Performant is the only company to have participated in consecutive Department of Education Collection Contracts since the early 1990s. Our experience is across direct, self and campus-based loan program. Our results in the portion of the self portion of the federally guaranteed student loan market are unparalleled. And from an industry perspective, we believe this experience is also highly relevant since the self industry comprised more than 75% of the originated loans until July 10, 2010, when the direct loan program became the sole originator of the federal student loans.
Naturally, there is a similar proportion of the defaulted student loans in the two channels for several years following. We believe that our combined self and direct portfolio experience is deep, broad and provides the best service value to the department in the new contract. To date, it is our understanding that over 17 companies have filed appeals regarding the award of this contract in the court of federal claims.
However, at this time, we cannot say much more about the court process. Because of the protests and the timing of work under this contract, we have excluded this opportunity from our financial guidance, which we will discuss a little later.
Separately, as you know, Great Lakes terminated our student loan recovery contract last year due to a strategic need for a servicer for their entire portfolio, which is beyond our current capacity. The transition of our Great Lakes student loan inventory began in October of 2017.
Since the termination of our contract with Great Lakes, we have been able to secure a new contract to act as a recovery subcontractor for Great Lakes new prime recovery contractor and servicer, Navient, under which we will provide recovery services to both Great Lakes portfolio as well as Great Lakes recently acquired USAF and NELA portfolio, which is about 50% larger than that of the original Great Lakes portfolio.
Under this arrangement, we have started recovery services for approximately 25% of the Great Lakes defaulted loan portfolio. And in the next few months, should receive some of the USAF, NELA portfolio. The subcontracting arrangement provides us with some ability to gain share through performance versus competition.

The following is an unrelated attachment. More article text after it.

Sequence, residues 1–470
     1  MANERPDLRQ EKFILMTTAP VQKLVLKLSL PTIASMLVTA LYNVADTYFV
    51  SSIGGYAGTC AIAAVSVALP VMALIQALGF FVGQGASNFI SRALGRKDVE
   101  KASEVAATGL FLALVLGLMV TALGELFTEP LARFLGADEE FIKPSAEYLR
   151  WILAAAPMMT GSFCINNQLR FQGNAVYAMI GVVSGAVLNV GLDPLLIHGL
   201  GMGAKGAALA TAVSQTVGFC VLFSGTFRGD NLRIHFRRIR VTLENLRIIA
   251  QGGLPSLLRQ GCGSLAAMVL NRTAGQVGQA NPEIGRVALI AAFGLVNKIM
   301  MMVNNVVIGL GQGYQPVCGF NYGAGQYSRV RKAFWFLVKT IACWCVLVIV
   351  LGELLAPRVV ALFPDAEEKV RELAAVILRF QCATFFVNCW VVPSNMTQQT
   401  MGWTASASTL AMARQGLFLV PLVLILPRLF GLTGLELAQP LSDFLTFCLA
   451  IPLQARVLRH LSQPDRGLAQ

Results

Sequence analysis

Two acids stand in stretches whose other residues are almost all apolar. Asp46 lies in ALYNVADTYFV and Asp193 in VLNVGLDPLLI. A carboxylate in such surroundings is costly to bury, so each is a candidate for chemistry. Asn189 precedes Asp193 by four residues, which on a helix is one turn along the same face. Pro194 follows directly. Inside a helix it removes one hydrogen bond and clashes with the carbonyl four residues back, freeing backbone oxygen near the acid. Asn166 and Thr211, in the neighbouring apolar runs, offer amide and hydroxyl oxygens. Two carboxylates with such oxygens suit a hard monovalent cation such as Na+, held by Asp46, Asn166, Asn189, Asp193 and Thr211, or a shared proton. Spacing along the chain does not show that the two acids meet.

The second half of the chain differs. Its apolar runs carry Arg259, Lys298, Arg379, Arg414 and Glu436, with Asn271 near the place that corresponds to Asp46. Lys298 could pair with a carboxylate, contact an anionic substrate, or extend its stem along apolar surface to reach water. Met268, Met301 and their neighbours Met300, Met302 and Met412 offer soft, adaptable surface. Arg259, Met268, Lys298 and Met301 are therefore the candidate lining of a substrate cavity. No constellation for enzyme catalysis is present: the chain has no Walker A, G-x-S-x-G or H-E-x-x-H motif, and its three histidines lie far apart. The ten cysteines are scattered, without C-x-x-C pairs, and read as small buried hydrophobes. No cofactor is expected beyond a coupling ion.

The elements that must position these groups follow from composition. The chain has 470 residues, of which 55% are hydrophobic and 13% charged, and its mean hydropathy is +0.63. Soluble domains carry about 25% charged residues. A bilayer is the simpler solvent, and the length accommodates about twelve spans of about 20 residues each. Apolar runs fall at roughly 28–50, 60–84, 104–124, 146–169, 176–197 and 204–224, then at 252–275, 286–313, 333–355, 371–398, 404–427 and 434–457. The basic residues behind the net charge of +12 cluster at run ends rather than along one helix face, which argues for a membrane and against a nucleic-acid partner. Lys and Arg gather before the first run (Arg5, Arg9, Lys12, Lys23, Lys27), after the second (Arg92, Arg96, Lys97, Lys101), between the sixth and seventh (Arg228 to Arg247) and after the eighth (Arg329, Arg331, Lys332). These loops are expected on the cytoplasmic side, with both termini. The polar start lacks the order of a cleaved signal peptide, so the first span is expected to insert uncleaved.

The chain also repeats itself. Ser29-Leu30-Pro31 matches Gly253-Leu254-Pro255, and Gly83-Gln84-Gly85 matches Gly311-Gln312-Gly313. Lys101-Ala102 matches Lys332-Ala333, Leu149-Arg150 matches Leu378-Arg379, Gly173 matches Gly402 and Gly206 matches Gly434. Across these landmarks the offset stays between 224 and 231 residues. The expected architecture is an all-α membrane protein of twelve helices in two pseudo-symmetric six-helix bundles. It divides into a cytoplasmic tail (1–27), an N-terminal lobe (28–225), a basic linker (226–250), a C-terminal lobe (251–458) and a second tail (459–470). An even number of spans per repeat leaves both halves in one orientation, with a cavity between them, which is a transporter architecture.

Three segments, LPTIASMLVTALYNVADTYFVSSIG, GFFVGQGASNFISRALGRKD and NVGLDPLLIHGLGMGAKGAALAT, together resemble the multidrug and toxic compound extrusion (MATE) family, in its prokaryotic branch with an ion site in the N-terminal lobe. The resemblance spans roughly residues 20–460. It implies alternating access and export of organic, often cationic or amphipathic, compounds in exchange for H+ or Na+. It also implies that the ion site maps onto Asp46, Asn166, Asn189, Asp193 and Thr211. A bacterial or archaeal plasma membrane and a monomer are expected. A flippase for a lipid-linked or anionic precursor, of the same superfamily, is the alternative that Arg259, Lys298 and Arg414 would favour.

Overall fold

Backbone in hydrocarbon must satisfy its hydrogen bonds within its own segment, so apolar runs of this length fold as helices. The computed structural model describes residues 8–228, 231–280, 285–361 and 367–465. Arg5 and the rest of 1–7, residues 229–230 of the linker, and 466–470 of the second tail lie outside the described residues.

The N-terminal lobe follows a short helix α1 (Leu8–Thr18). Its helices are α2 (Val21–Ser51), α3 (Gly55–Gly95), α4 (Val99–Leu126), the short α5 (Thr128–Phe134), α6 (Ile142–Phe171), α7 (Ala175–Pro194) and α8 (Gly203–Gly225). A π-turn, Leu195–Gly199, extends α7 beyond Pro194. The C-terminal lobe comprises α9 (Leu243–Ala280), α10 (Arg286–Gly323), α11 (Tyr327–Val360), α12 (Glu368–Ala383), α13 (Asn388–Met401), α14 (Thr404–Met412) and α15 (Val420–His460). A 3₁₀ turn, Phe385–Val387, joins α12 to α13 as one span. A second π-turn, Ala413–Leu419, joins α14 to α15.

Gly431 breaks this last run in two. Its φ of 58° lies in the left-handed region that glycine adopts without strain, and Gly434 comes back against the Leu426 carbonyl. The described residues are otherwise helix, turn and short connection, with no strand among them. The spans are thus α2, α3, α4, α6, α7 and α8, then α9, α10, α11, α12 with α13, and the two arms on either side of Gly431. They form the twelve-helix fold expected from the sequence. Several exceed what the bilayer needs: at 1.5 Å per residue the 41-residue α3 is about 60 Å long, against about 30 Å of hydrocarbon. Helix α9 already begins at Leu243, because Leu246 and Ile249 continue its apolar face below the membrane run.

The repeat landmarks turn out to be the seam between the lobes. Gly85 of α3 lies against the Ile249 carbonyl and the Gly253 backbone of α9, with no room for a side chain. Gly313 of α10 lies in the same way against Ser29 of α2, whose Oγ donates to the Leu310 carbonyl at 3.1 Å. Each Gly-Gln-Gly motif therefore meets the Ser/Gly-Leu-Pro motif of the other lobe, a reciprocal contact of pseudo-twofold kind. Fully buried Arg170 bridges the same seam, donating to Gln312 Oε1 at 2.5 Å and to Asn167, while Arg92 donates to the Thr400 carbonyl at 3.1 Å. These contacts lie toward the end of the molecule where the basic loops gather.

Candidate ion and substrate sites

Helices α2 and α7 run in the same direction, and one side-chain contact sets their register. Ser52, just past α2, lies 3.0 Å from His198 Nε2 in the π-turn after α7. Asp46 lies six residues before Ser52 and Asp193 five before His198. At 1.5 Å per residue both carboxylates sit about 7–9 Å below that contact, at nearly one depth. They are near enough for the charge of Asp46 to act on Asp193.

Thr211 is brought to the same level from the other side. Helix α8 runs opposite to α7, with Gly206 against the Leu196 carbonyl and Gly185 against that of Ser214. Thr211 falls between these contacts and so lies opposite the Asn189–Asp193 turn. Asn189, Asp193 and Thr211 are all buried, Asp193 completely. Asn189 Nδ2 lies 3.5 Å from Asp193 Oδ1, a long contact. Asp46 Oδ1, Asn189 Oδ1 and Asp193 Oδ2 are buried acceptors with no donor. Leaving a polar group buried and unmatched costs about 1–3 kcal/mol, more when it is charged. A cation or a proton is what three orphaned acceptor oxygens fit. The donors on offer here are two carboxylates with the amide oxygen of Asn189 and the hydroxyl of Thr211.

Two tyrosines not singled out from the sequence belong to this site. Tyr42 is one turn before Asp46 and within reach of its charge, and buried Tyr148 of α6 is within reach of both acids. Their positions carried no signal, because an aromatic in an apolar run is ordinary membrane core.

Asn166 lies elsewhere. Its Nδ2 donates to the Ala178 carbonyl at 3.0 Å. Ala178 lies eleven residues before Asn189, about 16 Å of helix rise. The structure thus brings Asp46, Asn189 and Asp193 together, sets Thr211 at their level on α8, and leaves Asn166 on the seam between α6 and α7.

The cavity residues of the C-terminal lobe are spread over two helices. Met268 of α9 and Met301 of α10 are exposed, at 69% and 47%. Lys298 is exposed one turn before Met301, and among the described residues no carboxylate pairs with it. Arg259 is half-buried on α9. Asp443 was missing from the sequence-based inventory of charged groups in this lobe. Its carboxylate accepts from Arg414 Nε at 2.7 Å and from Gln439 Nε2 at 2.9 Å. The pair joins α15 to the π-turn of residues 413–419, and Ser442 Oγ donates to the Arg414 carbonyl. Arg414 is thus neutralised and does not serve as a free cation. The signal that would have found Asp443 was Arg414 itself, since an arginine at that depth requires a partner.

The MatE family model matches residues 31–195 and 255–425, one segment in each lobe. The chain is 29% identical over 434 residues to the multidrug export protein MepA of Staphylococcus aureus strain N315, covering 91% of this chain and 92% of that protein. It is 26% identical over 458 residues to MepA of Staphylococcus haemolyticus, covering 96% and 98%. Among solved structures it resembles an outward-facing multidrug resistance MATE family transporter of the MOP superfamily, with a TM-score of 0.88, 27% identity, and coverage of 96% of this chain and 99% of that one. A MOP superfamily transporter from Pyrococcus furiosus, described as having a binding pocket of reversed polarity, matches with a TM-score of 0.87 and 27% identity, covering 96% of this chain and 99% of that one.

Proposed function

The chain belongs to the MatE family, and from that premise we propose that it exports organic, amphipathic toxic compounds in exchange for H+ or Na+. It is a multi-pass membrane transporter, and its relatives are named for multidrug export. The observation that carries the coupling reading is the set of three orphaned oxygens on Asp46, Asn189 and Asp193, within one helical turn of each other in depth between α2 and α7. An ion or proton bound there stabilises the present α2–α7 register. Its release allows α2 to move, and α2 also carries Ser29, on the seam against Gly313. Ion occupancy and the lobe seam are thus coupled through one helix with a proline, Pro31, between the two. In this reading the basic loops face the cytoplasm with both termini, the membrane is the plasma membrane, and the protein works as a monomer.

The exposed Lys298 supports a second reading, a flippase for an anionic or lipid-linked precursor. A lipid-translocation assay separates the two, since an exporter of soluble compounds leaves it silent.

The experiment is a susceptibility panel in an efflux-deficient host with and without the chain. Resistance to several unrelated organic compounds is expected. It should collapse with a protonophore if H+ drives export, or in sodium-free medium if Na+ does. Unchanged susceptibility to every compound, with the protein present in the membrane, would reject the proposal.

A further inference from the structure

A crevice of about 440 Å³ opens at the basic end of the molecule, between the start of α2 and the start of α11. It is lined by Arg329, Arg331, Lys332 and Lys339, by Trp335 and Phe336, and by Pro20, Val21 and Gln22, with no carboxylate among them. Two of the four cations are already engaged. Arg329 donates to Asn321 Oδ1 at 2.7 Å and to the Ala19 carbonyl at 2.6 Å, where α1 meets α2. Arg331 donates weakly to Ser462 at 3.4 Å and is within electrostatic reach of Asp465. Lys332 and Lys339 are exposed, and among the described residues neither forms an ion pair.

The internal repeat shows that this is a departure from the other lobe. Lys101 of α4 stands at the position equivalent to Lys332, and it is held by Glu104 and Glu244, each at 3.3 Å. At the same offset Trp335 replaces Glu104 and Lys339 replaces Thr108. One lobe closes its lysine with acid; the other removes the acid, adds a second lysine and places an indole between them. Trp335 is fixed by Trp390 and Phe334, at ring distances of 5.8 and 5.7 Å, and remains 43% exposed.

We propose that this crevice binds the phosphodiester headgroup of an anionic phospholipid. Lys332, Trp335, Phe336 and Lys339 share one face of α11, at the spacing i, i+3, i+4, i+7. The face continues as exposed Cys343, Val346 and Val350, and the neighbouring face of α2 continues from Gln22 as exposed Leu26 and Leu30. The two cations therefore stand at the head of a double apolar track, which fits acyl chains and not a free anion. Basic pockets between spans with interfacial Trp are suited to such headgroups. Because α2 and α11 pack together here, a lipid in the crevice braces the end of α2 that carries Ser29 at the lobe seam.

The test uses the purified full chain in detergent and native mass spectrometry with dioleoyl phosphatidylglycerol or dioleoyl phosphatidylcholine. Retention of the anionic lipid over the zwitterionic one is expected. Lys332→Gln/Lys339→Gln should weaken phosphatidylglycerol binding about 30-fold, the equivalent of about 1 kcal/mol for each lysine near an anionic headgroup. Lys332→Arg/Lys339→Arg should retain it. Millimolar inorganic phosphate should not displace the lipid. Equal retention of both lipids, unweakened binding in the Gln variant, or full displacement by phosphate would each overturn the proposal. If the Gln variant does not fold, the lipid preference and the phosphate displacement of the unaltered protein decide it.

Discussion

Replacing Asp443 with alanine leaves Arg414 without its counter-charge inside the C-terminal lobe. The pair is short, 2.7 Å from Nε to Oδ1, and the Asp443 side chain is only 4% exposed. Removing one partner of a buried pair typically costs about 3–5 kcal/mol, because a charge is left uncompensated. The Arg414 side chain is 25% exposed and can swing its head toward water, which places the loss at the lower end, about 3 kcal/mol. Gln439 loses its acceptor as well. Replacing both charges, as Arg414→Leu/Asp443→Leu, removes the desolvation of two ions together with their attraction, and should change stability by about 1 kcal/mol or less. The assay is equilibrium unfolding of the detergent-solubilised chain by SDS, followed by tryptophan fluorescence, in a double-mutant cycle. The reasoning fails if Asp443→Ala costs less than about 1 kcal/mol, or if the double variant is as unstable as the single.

Our contract with Navient does not have a termination date, but contains standard language allowing for termination at the discretion of Navient. Total student loan placements during Q4 were $549 million, which is down 12.7% versus prior year Q4. And down 15.2% sequentially versus Q3. Excluding the impact of Great Lakes, placement volumes are up 24.1% year-over-year and up 11% sequentially.
Student lending revenue in Q4 was $22.5 million, which was $4.9 million or 17.8% below the prior year, largely due to the absence of revenues in Q4 of 2017 from the prior Department of Education contract. For the total year, student loan revenues of $94.3 million are down $15.3 million or 13.9% versus prior year. Department of Education revenue was down $22 million versus prior year, partially offset by a growth of $6.7 million from other clients.
With that, I'd like to turn the call over to Jeff Haughton, to talk about our healthcare and other markets.
Thanks, Lisa. We continue to implement several healthcare contracts for both commercial and government clients. Several of these contracts are expected to generate significant revenue as they achieve steady-state, but we will require investment during 2018. As we mentioned in our third quarter earnings call through September 30, we had added nine new commercial healthcare clients representing over 15 new audit and recovery programs.
During 2017, we were focused on implementing and ramping these programs. And when coupled with the requisite time to increase audit volume and the subsequent revenue recognition cycle, they had limited impact to 2017 revenues. However, we anticipate these same programs will provide greater contribution in 2018 with even more upside in future years. In addition, we have a list of new programs that we will be implementing in 2018 as well.